NASSAU, Bahamas, December 31, 2009 – The Bahamas still hasn’t met the Organisation for Economic Cooperation and Development (OECD) guidelines on tax information sharing, but it says it has a few agreements lined up and will exceed the minimum requirements by the March 2010 deadline.
The OECD requires countries to sign at least 12 Tax Information Exchange Agreements (TIEA) to meet the internationally accepted standards.
The Bahamas has successfully concluded negotiations with 23 countries so far, signing 10 of them with the United States, Monaco, San Marino, the United Kingdom, New Zealand, the Netherlands, China, Argentina, Belgium, and France.
The other agreements with Germany, Canada, Spain, Mexico, Australia, South Africa, South Korea, and the seven Nordiccountries of Norway, Sweden, Finland, Denmark, Iceland, Greenland and Faroe Islands will be sealed following the completion of relevant internal procedures required for the signing of treaty instruments.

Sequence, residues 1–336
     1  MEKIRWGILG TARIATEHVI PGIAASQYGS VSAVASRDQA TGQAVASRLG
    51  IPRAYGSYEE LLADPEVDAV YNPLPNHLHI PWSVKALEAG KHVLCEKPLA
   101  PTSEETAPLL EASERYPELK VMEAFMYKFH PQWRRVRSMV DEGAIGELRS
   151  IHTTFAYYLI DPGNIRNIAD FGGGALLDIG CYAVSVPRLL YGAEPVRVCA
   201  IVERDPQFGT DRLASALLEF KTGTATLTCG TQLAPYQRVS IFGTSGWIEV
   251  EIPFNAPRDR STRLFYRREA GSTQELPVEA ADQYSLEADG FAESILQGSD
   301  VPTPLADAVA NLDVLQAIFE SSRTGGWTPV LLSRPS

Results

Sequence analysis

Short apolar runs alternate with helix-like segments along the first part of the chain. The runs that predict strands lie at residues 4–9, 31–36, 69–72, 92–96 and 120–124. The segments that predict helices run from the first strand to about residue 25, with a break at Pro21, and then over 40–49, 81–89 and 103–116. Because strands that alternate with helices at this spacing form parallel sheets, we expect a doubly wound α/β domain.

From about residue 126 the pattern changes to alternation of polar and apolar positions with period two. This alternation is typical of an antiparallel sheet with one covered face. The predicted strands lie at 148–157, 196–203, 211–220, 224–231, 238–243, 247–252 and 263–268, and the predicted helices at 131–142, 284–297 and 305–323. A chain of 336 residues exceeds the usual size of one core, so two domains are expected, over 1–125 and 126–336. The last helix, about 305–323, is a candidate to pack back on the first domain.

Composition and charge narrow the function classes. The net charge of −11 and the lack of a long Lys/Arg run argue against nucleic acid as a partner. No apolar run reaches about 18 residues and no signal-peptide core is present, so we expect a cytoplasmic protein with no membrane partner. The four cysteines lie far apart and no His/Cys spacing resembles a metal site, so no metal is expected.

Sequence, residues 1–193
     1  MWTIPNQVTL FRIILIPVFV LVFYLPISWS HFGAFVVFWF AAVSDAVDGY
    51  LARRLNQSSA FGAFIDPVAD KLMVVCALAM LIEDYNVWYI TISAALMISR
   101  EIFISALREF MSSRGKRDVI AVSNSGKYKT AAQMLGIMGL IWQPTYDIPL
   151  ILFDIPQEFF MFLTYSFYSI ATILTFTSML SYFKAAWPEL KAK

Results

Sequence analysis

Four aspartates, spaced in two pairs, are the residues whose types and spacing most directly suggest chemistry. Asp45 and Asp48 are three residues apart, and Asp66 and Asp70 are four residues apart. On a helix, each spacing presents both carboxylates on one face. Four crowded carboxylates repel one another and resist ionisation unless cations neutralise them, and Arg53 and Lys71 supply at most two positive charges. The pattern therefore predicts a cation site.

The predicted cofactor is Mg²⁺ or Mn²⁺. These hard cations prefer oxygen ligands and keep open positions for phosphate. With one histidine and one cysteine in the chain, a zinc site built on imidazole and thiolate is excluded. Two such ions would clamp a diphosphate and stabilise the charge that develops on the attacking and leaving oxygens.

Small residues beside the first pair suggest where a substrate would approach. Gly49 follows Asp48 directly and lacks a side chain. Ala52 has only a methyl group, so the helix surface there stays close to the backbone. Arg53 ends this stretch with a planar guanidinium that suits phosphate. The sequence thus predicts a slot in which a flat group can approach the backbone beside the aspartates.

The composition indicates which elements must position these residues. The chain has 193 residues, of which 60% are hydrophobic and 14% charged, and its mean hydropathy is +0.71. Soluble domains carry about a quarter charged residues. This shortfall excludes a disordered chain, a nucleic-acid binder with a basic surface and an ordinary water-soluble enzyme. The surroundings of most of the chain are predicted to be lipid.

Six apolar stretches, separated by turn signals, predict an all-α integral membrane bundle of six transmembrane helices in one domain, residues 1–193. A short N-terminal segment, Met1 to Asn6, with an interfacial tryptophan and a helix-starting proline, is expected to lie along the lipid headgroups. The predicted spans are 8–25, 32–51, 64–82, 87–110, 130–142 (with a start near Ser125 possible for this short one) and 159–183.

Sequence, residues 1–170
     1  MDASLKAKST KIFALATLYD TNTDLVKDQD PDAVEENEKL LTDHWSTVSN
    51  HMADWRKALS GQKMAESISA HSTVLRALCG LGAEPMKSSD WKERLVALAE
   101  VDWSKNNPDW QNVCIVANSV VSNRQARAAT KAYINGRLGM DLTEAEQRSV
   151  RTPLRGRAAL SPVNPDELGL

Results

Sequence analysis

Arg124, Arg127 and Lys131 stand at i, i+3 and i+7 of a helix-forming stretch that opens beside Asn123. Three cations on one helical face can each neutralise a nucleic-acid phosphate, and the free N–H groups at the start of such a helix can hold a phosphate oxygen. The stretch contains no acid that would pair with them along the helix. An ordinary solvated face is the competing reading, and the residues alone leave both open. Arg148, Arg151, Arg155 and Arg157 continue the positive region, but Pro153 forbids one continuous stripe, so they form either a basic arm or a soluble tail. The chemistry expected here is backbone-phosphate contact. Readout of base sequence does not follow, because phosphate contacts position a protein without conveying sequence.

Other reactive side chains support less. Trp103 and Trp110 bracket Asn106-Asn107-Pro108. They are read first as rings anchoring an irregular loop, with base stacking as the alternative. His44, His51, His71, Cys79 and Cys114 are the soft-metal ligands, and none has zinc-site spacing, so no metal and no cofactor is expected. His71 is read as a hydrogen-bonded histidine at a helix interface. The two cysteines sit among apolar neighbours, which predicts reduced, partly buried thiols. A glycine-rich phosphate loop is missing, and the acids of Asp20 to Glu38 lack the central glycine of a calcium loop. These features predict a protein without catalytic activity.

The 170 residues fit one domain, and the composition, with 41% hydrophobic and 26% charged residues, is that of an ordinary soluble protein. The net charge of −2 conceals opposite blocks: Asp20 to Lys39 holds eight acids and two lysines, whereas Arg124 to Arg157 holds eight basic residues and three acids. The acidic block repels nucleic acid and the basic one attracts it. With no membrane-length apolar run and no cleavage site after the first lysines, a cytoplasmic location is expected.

Those procedures, which have been fast tracked by some countries, include the added requirement of translating the agreement into relevant native languages, an important element of negotiations that is often a fundamental constitutional requirement for the validity of treaty instruments.
“The Bahamas is actively participating in the international dialogue concerning the regulation of international financial services,” a statement from the government said.
“The government is committed to safeguarding this important segment of the Bahamian economy by ensuring that The Bahamas remains a well regulated jurisdiction which meets evolving standards for offering international financial services.”